New Report Shows Flaring Intensity In Texas is Significantly Lower Than Rest Of The World
Flaring intensity in Texas is well below the historic highs of the 1950s and much lower than other nations around the world, according to a new Texas Railroad Commission report. As Commissioner Ryan Sitton, author of the report, explained:
“Currently, Texas flaring levels – and flaring intensity – are notably lower than the rest of the world, and strikingly lower than new production in the rest of the world.”
Flaring intensity is the “relationship between oil production and flaring” (gas flared per unit of oil production), and as RRC explained:
“By measuring the flaring intensity of nations, states, and various companies, and comparing them all to the global industry average, we now have an effective benchmark to compare performance.”
RRC’s data – which will be updated quarterly – provide some much-needed perspective on a misleading “Keep It In the Ground” narrative that has been perpetuated by some media.
Here are some of the top findings in the report:
Texas Flaring Intensity Much Lower Than Most Other Nations
RRC’s data found that Texas flaring intensity was 0.09 while the rest of the world is 0.14 including other major-producing nations like Russia (0.18) and Iran and Iraq (each at 0.37). The United States also fell below the world average with an intensity of 0.11.
Texas Flaring Intensity Much Lower Than Historic Highs
While flaring intensity has risen from its historic lows of the 1980s, it is still much lower than its historic highs of the 1930s and 1950s.
Texas’s highest flaring intensity rate occurred in 1953 (0.30). For perspective, in 2017 the state produced 27 percent more oil and had a flaring intensity rate of 0.09.
Flaring Anticipated To Fall In Coming Years
Flaring is often needed because there is an excess of produced natural gas and not enough pipeline capacity to carry the fuel to market. But with the construction of the Permian Highway pipeline – a project that has been targeted by activists – and other infrastructure projects due to be completed soon, flaring in Texas is expected to fall even further over the next two years:
“Current projections are that approximately 200,000 Mcf/d of current flaring will be reduced over the next 12 to 18 months as these systems are completed. Additional new wells will add new flares, but new development is not expected to outstrip new infrastructure, so the total flaring levels should be dropping, and flaring intensity should be reduced at the same time.”
“By looking at the rate of new flaring, the development of new wells, and the future completion of infrastructure, our projections are that flaring will drop by 50,000 to 150,000 Mcf/d over the next 18 months as new infrastructure is completed.” (emphasis added)
The Importance of Flaring
Flaring is an important and necessary practice that ensures safety and helps mitigate environmental impacts.
The need for flaring often arises when there is an excess of produced gas but there is not enough pipeline capacity to bring the fuel to market.
The practice involves burning excess gases that cannot be economically recovered to help avoid buildups that could lead to explosions that would endanger workers and surrounding communities. Flaring is also a cleaner alternative to venting, which is the direct release of gas into the atmosphere and leads to higher methane emissions.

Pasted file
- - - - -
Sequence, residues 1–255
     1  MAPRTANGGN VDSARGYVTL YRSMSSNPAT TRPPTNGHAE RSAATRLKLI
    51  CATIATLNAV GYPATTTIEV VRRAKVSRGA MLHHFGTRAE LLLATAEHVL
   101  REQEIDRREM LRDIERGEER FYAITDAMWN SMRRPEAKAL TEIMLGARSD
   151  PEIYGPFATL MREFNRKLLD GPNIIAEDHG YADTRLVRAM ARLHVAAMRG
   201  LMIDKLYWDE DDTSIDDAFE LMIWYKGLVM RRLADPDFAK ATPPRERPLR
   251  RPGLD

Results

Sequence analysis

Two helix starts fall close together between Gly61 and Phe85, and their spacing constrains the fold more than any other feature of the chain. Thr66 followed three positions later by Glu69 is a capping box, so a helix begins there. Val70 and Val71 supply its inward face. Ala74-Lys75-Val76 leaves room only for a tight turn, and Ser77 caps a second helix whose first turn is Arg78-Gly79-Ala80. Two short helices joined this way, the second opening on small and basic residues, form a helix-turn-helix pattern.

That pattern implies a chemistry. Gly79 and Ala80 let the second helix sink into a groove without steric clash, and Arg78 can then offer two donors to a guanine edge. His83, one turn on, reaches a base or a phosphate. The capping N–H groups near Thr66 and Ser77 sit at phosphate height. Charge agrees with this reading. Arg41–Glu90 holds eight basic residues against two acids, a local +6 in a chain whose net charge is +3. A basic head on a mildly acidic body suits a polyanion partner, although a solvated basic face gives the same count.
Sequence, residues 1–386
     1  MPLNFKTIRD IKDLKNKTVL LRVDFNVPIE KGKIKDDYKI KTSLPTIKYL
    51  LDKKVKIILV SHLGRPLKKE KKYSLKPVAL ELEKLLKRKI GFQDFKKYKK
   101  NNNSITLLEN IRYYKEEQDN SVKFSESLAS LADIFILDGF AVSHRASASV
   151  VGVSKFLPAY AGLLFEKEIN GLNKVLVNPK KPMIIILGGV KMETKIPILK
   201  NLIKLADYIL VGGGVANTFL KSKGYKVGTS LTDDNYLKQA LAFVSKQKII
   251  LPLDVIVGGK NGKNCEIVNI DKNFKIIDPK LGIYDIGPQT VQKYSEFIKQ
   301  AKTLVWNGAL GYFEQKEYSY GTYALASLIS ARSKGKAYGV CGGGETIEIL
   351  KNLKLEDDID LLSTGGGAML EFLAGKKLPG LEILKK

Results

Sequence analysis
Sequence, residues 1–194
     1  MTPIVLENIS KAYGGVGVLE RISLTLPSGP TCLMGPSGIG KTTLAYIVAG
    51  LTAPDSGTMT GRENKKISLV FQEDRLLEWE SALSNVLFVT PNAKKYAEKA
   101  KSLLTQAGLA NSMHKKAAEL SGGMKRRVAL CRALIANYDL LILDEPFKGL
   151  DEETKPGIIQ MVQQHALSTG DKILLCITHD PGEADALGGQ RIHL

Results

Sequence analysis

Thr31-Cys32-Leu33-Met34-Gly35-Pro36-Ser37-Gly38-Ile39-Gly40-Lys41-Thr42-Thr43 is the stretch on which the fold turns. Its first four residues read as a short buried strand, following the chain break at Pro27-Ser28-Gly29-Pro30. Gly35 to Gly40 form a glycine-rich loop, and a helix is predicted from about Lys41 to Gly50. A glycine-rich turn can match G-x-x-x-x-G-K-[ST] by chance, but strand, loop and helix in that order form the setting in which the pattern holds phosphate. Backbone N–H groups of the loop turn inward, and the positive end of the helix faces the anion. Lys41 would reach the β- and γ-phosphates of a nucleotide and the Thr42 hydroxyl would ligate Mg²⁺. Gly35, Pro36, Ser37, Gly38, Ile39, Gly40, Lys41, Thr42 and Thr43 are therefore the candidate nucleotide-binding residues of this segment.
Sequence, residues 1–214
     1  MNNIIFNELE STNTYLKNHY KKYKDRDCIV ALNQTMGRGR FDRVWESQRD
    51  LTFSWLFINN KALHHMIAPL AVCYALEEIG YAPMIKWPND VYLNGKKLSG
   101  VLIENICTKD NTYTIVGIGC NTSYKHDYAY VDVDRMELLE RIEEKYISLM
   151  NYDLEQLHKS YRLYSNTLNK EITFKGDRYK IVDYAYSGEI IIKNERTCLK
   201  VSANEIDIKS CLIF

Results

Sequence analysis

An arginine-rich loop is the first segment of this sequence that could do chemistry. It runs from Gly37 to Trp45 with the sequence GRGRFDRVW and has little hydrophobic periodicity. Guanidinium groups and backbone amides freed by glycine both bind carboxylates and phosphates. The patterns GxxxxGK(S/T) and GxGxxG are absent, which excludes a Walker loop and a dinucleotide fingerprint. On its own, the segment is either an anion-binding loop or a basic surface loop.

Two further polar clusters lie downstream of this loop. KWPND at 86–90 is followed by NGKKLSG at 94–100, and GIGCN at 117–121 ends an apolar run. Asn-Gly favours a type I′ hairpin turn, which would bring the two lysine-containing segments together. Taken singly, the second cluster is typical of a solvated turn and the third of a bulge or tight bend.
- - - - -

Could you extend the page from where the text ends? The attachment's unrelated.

Thanks to consistent innovation from energy producers, the United States has one of the lowest flaring intensity levels in the world all while oil and natural gas production has reached record highs. Major energy companies have committed to reducing flaring as the oil and natural gas industry continues to become cleaner and Commissioner Sitton applauded those efforts in his report:
“It is also noteworthy that many Texas operators have taken voluntary steps to reduce their flaring volumes and they should be commended for that action.”
Last week, Occidental Petroleum became the first U.S. company to endorse the World Bank’s campaign to end routine flaring by 2030. UK-based BP and Anglo-Dutch company Shell are also contributing to the initiative.
Two years ago, ExxonMobil announced new greenhouse gas reduction measures that included a 25 percent reduction in flaring by 2020.
Chevron reduced flaring by 22 percent from 2013 to 2017 and is aiming for a further 30 percent reduction by 2023.
Check out Energy In Depth’s fact sheet to learn more about flaring.
Ironically, the activists who are often the loudest critics of flaring are the same ones who are working to prevent solutions to the problem by blocking the construction of new pipelines. As the report explains, simply reducing Texas oil production will do little to reduce global flaring intensity, especially compared to the projected reductions that will occur with new infrastructure:
“With flaring intensity levels in Texas already lower than most parts of the world, and lower than historical levels, a forced reduction could cause a disproportionate increase in flaring in other parts of the world and have a chilling effect on Texas energy development with no quantifiable benefit to Texans or the world. This would negatively impact jobs and the economy not just in Texas, but nationwide.”
The reality is that Texas is one of the largest producers of oil in the world – and it’s experiencing record-breaking production with one of the smallest environmental footprints globally, which is a testament to the industry’s commitment to reducing emissions through innovation.